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Depression drains you mentally, spiritually, and physically. Even energetic people who were once full of hope and drive can have trouble getting out of bed when suffering with depression.
More than 38 million adults in the United Stated have experienced depression at some point during their life and women are twice as likely to experience it.

While overcoming depression isn’t quick or easy, it’s not impossible. These are steps you can take to rediscover yourself and start living again.

Say what God says about you.

Find Scriptures that you can repeat throughout the day. Say them out loud. Write positive affirmations from God’s Word on paper and post them throughout your home in places you will look often.
Set the stage.

Keep background music on in your home that sets the stage for a peace-filled and positive atmosphere. Try eliminating television programs for a few weeks and introducing them one at a time to truly gauge your mood after watching them.

Get outside.

Make sure you’re seeing daylight for at least 30 minutes a day either through sunlight or a light made for imitating the effects of sunlight.

Do something new.

Pick up a new hobby. Volunteer. Change your routine. Challenge yourself with something you never thought you could do or something you always wanted to do.

Look ahead.

Let go of regret and stop looking at your past. Write down a list of dreams you have for your future.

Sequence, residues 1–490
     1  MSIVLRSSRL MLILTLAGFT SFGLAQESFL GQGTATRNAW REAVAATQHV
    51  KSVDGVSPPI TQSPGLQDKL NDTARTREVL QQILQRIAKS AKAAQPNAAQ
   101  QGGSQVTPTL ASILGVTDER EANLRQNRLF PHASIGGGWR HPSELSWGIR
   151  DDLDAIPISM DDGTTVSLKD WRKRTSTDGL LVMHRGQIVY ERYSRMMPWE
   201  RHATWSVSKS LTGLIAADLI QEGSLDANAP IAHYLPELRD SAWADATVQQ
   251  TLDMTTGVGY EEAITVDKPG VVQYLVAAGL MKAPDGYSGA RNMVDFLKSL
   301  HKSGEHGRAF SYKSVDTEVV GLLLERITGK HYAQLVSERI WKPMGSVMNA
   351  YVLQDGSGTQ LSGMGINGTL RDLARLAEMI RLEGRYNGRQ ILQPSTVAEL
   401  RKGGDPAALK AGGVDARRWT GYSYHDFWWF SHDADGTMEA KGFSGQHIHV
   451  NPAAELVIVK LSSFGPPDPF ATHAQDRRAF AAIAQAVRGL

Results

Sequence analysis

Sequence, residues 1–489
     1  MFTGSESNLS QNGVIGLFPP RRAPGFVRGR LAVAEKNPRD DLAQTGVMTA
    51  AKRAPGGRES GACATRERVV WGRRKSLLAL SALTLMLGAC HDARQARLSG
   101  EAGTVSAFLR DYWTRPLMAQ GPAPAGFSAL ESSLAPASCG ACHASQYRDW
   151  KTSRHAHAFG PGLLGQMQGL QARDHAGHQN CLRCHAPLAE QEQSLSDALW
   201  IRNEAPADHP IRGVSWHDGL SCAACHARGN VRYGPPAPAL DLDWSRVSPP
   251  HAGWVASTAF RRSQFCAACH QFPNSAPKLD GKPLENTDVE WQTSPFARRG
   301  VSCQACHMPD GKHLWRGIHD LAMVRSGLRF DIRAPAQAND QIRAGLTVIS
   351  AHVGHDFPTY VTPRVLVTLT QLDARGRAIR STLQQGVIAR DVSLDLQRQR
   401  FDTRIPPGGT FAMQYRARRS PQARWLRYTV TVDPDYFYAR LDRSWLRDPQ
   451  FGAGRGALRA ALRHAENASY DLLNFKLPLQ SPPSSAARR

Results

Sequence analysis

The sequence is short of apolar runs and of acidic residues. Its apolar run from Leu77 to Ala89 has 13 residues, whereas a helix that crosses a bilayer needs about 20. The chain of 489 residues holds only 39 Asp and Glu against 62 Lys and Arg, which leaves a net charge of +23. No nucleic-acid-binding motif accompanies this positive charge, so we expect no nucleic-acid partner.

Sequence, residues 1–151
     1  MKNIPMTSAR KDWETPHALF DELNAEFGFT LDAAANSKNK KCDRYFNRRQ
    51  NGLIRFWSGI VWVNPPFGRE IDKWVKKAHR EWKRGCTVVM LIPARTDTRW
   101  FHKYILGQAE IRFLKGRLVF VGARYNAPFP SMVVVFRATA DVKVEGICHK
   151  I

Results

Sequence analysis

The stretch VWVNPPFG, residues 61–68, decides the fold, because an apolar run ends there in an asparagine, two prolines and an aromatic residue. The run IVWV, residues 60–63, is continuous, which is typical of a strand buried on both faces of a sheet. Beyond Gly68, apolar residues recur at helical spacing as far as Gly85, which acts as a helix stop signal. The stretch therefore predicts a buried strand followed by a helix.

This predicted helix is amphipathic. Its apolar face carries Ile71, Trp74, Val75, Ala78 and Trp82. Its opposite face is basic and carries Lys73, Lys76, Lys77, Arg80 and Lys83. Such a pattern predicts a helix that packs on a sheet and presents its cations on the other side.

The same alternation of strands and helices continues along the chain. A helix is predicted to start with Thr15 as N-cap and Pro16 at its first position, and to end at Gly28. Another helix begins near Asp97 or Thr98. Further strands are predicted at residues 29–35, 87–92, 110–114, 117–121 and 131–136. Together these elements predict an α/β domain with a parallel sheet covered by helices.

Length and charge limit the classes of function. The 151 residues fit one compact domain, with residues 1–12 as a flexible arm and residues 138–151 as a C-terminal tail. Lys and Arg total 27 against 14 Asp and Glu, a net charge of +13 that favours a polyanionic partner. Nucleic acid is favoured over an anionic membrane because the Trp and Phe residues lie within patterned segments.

Exercise.

Getting in 30 minutes of cardio activity at least three times a week means those “runner’s high” endorphins get released regularly and help you work through and release stress. You don’t have to run a marathon to feel results. Walking works wonders! But, be sure to get your doctor’s approval before starting an exercise program.

Eat right.

Start a good multivitamin and avoid overly processed foods and added sugars. Fill your diet with complex carbohydrates (whole grains), fish, lean meats, fruits, and vegetables.

Sleep.

Change your sleep routine so that it’s more conducive to a good night’s rest. Turn your lights down and try to go to bed at the same time every night. Remember, a tired body and quiet mind are the requirements for quality sleep. Turn the television off and engage in calming, quiet activities like reading, taking a warm bath, etc. Don’t work late or do other stressful activities that cause your mind to race, and avoid caffeine and alcohol too close to bedtime.

Laugh.

The Bible says a merry heart does well like medicine. Find out what makes you laugh and take a daily dose.

Socialize.

Spend FACE time, not Facebook time, with close friends and family, and just have some fun! You don’t have to engage in heavy conversations about your plight. Keep it simple and go to dinner, a movie, a sporting event, or just grab a cup of coffee together. Being with other people helps diminish feelings of isolation. Do this regularly.

Watch your thinking!

Pay attention to those times that you tend to dwell on the negatives in your life – both real or imagined – and stop them. It takes work and persistence, but you can tell yourself to stop rehearsing the negatives.

This list isn’t comprehensive, and you may find that these tips aren’t getting you to the place that you really want to be.

If you find that your depression is getting worse, seek professional help. Even if you’re receiving professional help, these tips can be part of your treatment plan, speeding your recovery and preventing depression from returning.

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